A reader Tweeted, as I was headed to a late lunch (1:46 p.m. EST), “Eager to read your thoughts on Spurrier v. Morris.” I had not the slightest idea what he was talking about, but now I do. I’ve seen the video and everything. (Interestingly, I could not find anything about it on the mobile version of thestate.com, but that doesn’t mean it wasn’t on the browser version at the time.)
Of course, by that time, the news that the coach, or Eric Hyman, or somebody, had thrown Stephen Garcia off the team — apparently for real, this time. Hyman explained, “For Stephen to return to and remain with the football squad this fall, we agreed on several established guidelines. Unfortunately, he has not been able to abide by those guidelines and has therefore forfeited his position on the roster.”
I don’t know what the guidelines were, as I don’t follow this stuff. But I did see the Auburn game, and a reasonable guess would be that one of his guidelines involved throwing the football straight. Yes, I’m joking. Sort of.
But Micah apparently wanted to know what I thought about the Ron Morris thing. Gee, I don’t know.
I’m not Ron’s editor; never was. If I were, right now I’d be saying, “What the hell, Ron?” Or perhaps I’d use some other, saltier, newsroom expression. And Ron would tell me what was going on as well as he could, from his perspective. Although, based on the performance I saw on the video, it might not be altogether clear to him what it’s all about (apart from the usual animus that, from what I’ve seen, Ron is accustomed to engendering). Anyway, assuming he had the information available, I would have Ron lay out for me his version of the story. Then, I would check it out as well as I could.
If Coach Spurrier had an ounce of professionalism in him, of course, he would already have communicated to me (as Ron’s theoretical editor) what his beef was. Let’s assume he does, and he did. In that case, I would already have had it out with Ron about it and, given the way Spurrier acted today, probably would have told him I’d decided to back Ron. Hence the public tantrum.
Of course, if the coach did NOT try the normal, civil route first, then his performance today was inexcusable. Perhaps understandable on some level given that his QB was just canned after letting him down, but still not excusable in a man paid $2.8 million a year by a public institution to represent that institution.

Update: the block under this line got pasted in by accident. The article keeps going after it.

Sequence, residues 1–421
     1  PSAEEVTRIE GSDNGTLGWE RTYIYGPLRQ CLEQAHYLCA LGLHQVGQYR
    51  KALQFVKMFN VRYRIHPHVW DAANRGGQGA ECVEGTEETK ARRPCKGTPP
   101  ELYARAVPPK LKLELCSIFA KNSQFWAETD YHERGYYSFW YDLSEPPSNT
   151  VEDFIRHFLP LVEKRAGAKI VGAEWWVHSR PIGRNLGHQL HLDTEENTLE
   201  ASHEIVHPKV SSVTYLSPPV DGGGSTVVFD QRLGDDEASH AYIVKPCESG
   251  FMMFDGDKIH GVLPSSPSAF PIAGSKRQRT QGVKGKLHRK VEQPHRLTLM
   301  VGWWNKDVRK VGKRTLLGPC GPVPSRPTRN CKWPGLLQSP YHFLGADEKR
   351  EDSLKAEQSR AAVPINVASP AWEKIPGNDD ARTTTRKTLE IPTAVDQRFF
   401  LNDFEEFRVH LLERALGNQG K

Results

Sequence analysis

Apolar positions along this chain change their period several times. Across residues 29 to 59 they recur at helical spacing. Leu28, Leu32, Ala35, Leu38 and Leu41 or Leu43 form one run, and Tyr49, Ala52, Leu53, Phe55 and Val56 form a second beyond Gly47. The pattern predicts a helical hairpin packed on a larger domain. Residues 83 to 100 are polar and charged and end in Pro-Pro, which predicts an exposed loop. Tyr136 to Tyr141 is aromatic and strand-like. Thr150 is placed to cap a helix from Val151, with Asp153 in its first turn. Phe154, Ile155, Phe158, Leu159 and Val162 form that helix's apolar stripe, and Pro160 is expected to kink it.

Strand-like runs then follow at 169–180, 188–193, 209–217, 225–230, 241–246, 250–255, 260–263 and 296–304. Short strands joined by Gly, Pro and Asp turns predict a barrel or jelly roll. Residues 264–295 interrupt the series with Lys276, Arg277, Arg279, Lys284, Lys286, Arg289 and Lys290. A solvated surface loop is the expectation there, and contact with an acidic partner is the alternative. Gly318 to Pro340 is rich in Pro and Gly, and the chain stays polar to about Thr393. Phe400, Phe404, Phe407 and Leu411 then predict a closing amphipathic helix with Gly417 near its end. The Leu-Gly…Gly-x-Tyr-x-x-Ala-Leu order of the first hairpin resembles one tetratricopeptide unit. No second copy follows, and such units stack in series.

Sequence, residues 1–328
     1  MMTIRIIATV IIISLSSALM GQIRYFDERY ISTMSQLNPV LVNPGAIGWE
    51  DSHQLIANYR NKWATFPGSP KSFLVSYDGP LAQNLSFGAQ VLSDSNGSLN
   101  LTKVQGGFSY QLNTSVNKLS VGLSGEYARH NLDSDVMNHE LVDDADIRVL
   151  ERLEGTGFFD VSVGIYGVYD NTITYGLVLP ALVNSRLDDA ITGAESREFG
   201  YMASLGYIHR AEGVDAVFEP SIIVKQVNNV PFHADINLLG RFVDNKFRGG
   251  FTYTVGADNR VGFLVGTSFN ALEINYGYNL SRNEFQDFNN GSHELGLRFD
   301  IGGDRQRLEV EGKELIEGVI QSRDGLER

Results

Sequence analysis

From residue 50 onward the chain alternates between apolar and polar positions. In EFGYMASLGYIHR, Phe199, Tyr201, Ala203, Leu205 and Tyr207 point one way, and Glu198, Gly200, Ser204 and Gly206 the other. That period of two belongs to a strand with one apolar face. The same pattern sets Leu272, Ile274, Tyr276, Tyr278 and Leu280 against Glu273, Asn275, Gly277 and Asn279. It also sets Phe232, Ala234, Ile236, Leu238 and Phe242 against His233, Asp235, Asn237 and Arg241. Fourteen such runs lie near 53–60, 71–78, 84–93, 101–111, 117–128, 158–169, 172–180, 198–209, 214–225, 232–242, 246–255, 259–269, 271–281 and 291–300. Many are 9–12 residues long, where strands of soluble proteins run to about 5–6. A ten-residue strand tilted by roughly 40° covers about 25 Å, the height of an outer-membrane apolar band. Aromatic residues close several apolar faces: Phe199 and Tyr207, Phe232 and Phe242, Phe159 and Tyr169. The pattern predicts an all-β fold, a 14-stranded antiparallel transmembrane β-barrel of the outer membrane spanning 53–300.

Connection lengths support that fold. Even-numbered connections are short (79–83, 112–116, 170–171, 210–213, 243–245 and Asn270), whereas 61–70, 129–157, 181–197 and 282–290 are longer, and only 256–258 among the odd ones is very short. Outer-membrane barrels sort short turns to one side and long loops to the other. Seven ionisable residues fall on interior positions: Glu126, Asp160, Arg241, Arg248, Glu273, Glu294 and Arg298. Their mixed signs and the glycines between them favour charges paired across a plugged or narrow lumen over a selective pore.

Speaking of which, if I were Eric Hyman or Harris Pastides, I’d right now be having a serious talk with the coach about his performance — a sort of mirror of the one I’d be having with Ron as his editor. We’d start by watching his game film. Some of the things I’d be asking him:
- What’s this really about, Steve? And don’t give me that nonsense about some column last spring. That was last spring; you blew up today. What’s really going on? (Oh, wait: Maybe THIS is the column Spurrier is referring to, in which Morris wrote, “Spurrier poached Horn’s program.”)
- What exactly do you mean when you say it’s “my right as a head coach” not to talk to Ron Morris? Is that some special right we don’t know about? Do assistant coaches, or ordinary mortals walking the streets, not have that right? Because one would think that they do; that any human being walking the planet would have the right not to talk to Ron Morris if they chose not to. (Unless, of course, they were working for us, and we were paying them $2.8 million a year, and we told them to talk to him…) So what’s this imperious “as a head coach” stuff? Have we really made you feel that important?
And so on. That would just be for starters. And I’d be doing that in between fielding phone calls from people over at the newspaper asking me, “What the heck?” Because they use language like that in talking to the public.
So, as I say, if I were charged with taking a position on this, I’d be in fact-finding mode now before making a decision. But if you held the proverbial gun to my head (and I’d much prefer that to a literal one), I’d have to choose Ron on this one. And I might get embarrassed doing so — I might later have to run a full retraction on the challenged column last spring or something if it turned out Ron was wrong. But if you forced me, I’d go with him on this, because I know him. Or at least, I know him better than I do Spurrier, whom I’ve never met.
That means I used to run into Ron in the hallway sometimes, and stop to chat. I never actually worked with him. I don’t think he was in the newsroom when I was (pre-1994), and even if he had been, we’d have had little occasion to deal with each other. But he has always struck me as a pretty thoughtful, careful guy.
I knew people hated him — people of the “Cocky is God” persuasion. And I used to wonder about that, but I’ve often had occasion to wonder about really serious football fans. Sometimes, when one of Ron’s columns caused a splash of some sort, I’d actually turn to the sports pages and read it. And it usually read OK to me — of course, I was judging it outside the context of having any particular knowledge of the subject matter.
So Micah, that’s what I think.